Worst of all for an abandoned husband is handing over the children who have become his world to a woman who chooses part-time supervising over full-time mothering. It’s looking at her and knowing he would have given her the moon if he could have, but it wouldn’t be enough. It’s knowing he chose someone who could change so drastically, putting her family at risk and putting herself first despite the children needing her so desperately. It’s explaining to children why mommy chose to leave when he knows no answer makes sense because he’s asked the same questions hundreds of times in the deepest, darkest parts of his secret nights. It’s coming to terms with how a woman, the softer, gentler sex, a woman he chose to love eternally, a woman who promised to love unconditionally, can harden her heart and give pieces of herself to others when she should be giving all of herself to God and her family.
And the court system,
like the master in the Parable of the Dishonest Steward,
seems to reward cheating, dishonesty, and self-promotion,
making it REALLY hard to find good in the courts
and to comprehend this Gospel reading.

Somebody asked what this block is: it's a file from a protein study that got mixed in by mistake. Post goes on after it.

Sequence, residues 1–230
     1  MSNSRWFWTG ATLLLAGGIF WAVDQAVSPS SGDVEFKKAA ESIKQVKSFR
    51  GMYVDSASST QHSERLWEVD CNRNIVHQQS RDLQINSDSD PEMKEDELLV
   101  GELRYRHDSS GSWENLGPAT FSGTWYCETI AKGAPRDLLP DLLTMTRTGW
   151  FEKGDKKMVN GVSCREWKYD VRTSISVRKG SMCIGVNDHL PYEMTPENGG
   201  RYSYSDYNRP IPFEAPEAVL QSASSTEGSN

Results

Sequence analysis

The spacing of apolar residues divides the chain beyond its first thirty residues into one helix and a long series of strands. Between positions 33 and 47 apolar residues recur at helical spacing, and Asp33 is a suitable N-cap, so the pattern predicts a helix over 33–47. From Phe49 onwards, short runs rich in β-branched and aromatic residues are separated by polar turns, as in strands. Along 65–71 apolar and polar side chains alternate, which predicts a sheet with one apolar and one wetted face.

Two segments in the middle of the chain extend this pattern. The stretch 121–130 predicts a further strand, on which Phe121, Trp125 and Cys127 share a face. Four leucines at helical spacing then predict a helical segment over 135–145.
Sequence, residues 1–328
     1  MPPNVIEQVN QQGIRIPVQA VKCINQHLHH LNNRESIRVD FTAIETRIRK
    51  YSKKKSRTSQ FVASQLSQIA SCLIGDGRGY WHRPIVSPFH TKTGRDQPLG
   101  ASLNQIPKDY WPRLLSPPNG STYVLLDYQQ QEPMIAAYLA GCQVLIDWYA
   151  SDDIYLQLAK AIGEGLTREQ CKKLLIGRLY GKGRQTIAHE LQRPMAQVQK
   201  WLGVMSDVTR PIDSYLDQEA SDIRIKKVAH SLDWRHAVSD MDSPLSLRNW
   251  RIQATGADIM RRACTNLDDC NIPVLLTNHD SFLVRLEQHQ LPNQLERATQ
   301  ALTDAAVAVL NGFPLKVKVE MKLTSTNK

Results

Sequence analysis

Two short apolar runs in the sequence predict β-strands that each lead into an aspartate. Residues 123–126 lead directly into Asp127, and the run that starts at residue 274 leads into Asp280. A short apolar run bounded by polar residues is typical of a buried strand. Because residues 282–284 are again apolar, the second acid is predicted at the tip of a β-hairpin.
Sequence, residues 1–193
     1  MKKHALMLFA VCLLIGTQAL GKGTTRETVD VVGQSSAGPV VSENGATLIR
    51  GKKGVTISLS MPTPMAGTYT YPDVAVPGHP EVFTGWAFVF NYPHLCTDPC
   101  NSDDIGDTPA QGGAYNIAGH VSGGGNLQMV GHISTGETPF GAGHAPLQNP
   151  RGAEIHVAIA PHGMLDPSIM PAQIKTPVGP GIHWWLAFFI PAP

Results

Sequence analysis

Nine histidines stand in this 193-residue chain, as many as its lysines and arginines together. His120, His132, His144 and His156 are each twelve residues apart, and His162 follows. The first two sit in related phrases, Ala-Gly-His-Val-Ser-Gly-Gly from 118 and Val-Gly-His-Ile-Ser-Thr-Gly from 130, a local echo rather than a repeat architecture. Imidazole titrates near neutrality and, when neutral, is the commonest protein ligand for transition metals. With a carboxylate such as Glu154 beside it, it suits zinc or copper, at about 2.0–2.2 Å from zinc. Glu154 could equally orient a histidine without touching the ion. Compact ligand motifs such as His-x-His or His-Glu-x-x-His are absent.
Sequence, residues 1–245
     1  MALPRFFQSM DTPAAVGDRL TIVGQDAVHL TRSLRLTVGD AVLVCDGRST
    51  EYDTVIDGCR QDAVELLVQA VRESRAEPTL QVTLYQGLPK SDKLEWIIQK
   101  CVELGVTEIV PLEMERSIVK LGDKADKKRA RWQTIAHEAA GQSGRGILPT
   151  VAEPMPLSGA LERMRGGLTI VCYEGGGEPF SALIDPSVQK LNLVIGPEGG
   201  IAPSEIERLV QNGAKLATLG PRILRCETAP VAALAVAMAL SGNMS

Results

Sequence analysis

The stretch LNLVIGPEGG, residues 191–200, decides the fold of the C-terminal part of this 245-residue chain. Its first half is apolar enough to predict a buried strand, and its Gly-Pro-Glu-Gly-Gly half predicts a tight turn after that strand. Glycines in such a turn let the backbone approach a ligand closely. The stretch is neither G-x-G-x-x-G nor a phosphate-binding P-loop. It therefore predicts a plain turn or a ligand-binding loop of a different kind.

Learning to Like The Parable of the Dishonest Steward
It took me a week to write this. I may have actually started it mentally years ago because this story always rubbed me the wrong way, yet I never quite found time to reflect, research, or pray on exactly what it means.
Usually, I post one Gospel reflection each week and then one refection on a personal story or something else I hope will lift hurting hearts. This week I posted I Stole a Grape and Broke the Law about this very same Gospel reading. God spoke to my heart, and I knew pretty clearly what I was to say. I could have left it with that, but the rest of the passage nagged at me, begging me to make sense of that which didn’t make sense, and eventually through thought and work and study, things came to light. I’m not sure I’ll explain this well, but here goes it…
Children of This World. Children of the Light
We are all two things: children of this world and children of the light. As children of the world, we are concerned about ways of this world. We watch what we eat. We are picky about books we read and media outlets we follow. We choose where, how, and in whom we invest time, money, and resources. We hope to leave legacies of good health and good fortune to our children, so we watch what they do, who they hang out with, how much studying they do, and what activities they participate in even more closely than we do our own. We, as children of the world, are cognizant of how cruel the world can be and do our best to protect loved ones from experiencing lessons we learned the hard way.